Solar Roads: The Pathway to a Greener Future?
The pursuit for renewable energy has never been more aggressive since the turn of the century.
People have become more aware of the effects of rapid industrialization as experienced through climate change. Green living and practicing a zero-carbon footprint lifestyle are some ways in mitigating the impact of greenhouse gases to our environment. But it is not enough.
With the 2015 United Nations Climate Change Conference culminating in Paris, close to 200 countries signed an agreement to keep global warming temperatures below two degrees Celsius (or ideally 1.5 degrees Celsius). This historic event marked a global movement to finally end global economic dependency on fossil fuels and seek efforts to greatly reduce, if not totally eliminate, the emission of greenhouse gases.
Following this was the response of different governments in addressing environmental issues in their respective countries. Renewable energy has become a major factor economic development. Coal-fire and fossil fuels are being transitioned out, even in countries like the United Kingdom.
Scientists, business, and governments are now looking into alternative energy sources: nuclear power, hydroelectric and geothermal power, wind power, and solar power among others. And for countries like France, the US, and Netherlands, the sun shows a lot of promise.
Photovoltaics: Harnessing the power of the sun
The sun is our solar system’s powerhouse. It emits energy at 3.86 x 1026 watts. Around 1.74 x 1017 watts hit the earth. The numbers seem unimaginable but it is more than enough to power the whole planet. This means capturing the sun’s energy and translating it to electric power. This is called photovoltaics.
Photovoltaics, from the greek word photo, taps the power of the sun in order to generate electricity. Early discovery and application of this already emerged in the late 1800’s and further development picked up from the 1950s. Photovoltaics was a technology noted for its use during the Space Race where solar panels were used to power space devices and vehicles.
In everyday life, photovoltaics is best seen in our solar powered watches and calculators. At first, commercial use of solar power was very limited as silicone, an integral material for capturing solar power, can only generate small amounts of electricity. But as the decades have passed, a lot more research and development has been pouring to photovoltaics and it is no longer just about powering small devices. Solar power today is seen as a strong renewable source of energy that can power cities.
A single photovoltaic or “solar cell”, when combined with other solar cells, can make up one module of typically 12 cells depending on the voltage needed. When these modules are combined, they form an array. These are now the solar panels that we often see everywhere.
Though these is much promise in the future of photovoltaics, it has been criticized in certain aspects. For one, solar panels are expensive. Prices have gone down considerably but it cannot compete with the coal to fire power plants in terms of price. Two, solar arrays need maximum exposure from the sun. Without the sun, photovoltaic cells will not be able to generate electricity.
But despite the drawbacks, solar power is still much sought after by today’s industries. And one application of this technology is making its debut on the road.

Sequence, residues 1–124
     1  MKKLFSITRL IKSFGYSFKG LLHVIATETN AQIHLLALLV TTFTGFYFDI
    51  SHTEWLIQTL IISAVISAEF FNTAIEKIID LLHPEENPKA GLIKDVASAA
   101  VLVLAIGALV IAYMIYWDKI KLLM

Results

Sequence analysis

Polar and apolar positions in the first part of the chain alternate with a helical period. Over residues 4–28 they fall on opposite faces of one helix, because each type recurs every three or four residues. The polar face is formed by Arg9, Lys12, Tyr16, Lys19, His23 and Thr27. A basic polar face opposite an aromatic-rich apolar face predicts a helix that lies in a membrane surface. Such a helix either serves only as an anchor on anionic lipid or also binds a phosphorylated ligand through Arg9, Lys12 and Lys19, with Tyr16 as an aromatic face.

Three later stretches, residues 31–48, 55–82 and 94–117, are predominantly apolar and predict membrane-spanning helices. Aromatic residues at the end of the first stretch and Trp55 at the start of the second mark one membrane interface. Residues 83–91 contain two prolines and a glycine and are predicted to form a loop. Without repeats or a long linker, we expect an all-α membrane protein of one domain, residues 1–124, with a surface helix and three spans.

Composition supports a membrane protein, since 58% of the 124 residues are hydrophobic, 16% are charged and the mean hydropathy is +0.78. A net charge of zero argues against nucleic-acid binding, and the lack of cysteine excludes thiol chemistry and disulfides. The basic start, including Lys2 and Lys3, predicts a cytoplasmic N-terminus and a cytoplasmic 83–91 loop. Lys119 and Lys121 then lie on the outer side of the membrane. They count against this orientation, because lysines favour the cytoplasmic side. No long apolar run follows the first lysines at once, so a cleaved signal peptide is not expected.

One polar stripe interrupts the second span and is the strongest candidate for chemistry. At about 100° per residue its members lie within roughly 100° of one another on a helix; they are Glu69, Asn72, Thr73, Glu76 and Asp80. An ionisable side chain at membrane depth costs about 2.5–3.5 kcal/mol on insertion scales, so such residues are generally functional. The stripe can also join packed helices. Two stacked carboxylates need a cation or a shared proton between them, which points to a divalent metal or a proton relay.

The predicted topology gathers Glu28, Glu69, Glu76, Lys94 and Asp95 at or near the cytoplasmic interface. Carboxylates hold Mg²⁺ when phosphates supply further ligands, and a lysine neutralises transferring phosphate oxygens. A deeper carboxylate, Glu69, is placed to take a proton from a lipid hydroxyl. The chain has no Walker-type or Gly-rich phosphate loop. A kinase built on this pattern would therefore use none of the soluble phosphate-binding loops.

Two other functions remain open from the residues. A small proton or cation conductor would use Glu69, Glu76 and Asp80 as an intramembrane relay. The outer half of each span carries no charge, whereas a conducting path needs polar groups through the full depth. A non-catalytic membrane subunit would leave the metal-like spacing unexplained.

The paths to solar roads
The French government announced last February 2016 its plans to lay down a road made up of solar panels. The “solar highway” will span 1,000 kilometers (or 621 miles) and is considered to be a first of its kind. It is estimated to provide power to 8 percent of the French population, a number close to five million. Though this is only a small number compared to France’s usage of nuclear power at 75 percent, their decision to invest in renewable energy gained some political significance.
How will this work? Unlike the typical solar panels found in households or solar farms, the ones that will be used on the road will be a triple layer of glass, solar cells, and a base plate. The textured glass will serve as the surface layer to be in contact with vehicles. French scientists assured that the textured glass has the same traction as asphalt and can withstand loaded trucks passing through. Underneath are solar arrays that will capture sunlight and the base plate will serve was the means to distribute captured sunlight into electricity.
The technology seems exciting but there are also some drawbacks to it. First, some say that the solar panels might not be able to capture enough sunlight. Though the proponents of this project claim that roads are exposed to the sun 90 percent of the time, critics cited traffic congestion as a counterargument. Another issue is the cost where solar panels are still considered to be pretty expensive.
Despite these, the French government seems enthusiastic. Panels will be strategically placed in certain areas and the project will start within the year.
Other solar initiatives
Other countries are not far from following suit as well. Germany, Japan, and the United States are also exploring the future of solar highways. One country however, has done something in 2014 even before all other countries decided to hop in. Netherlands was the first country to install a solar bike path. At 70 meters, the solar road was able to transport 300,000 bikes and mopeds while generating power good for three households.
Barely a year has passed since the Climate Change conference in Paris, yet several countries have already taken big leaps into renewable energy. Scientists see a lot of potential in solar energy and hopefully, this will be a effective pathway in building a greener future.